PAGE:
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J Educ Perioper Med. 2019 Oct 1;21(4):E630. eCollection 2019 Oct-Dec.

Financial Incentive, in Place of Nonclinical Time, Increases Faculty Involvement and Improves Resident Didactic Evaluation Scores in an Anesthesiology Residency Training Program.



Providing clinical faculty to lead high-quality resident didactic sessions remains a challenge for academic departments that host graduate medical education training programs. In an effort to both reduce costs and to continue to recruit faculty to give lectures, our department began to incentivize clinicians with a $500 stipend in place of a nonclinical day to present didactics. Our hypothesis is that with financial incentive, more attendings would present didactics and the quality would improve.


Residents routinely evaluate all didactic sessions using a Likert scale of 1 to 5. Residents also answer yes or no to indicate whether the presenter should return. We compared academic year (AY) 2016, in which faculty were incentivized with nonclinical time, with AY 2017 and AY 2018, in which incentive came in the form of a $500 stipend. For each, the mean Likert score and percentage of positive responses for lecturer returning were calculated. A 1-way ANOVA and post hoc t tests were performed to determine significant changes.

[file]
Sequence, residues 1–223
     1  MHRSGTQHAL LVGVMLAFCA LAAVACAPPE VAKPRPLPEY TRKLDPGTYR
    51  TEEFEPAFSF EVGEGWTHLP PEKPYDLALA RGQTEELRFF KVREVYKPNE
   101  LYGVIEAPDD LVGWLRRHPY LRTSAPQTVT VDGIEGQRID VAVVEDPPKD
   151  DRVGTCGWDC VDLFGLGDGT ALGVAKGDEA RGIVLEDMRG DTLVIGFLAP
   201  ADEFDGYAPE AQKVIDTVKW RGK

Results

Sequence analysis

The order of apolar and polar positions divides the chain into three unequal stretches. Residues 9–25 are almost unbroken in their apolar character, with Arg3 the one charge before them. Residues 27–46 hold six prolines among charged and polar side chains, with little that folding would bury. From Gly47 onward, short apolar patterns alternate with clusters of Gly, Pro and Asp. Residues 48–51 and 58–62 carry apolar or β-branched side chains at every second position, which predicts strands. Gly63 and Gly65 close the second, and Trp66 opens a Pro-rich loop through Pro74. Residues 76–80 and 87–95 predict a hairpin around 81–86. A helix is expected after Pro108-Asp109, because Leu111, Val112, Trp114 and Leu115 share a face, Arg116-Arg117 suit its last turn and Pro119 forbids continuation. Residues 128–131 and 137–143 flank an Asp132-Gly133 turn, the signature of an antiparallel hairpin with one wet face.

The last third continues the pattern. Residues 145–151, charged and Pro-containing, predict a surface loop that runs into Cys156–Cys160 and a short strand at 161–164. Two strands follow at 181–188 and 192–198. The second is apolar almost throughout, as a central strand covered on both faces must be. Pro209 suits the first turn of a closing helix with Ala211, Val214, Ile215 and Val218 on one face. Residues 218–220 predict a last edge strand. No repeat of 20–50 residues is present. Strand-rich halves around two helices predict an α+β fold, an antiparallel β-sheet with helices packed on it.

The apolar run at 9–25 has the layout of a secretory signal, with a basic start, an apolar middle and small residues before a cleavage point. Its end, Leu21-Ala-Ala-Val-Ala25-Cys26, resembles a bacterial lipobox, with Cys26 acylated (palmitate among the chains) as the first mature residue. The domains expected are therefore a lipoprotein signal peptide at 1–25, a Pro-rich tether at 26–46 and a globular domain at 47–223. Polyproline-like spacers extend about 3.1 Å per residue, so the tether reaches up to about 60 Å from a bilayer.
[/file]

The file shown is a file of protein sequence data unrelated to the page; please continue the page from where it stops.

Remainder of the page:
Comparing AY 2016 (before the incentive switch) with AY 2017 and AY 2018, there was more faculty involvement in resident didactic after implementing the financial incentive. The quality of lectures also improved after the incentive switch, according to resident evaluations. There were higher overall Likert scores in AY 2018 and a higher percentage of positive responses to the question of whether presenters should return in AY 2017 and AY 2018, compared with AY 2016.


After implementation of a financial incentive in place of nonclinical time, more faculty became involved in lectures and overall lecture quality improved as measured by resident evaluations.


Didactics; anesthesiology; incentive; nonclinical; residency


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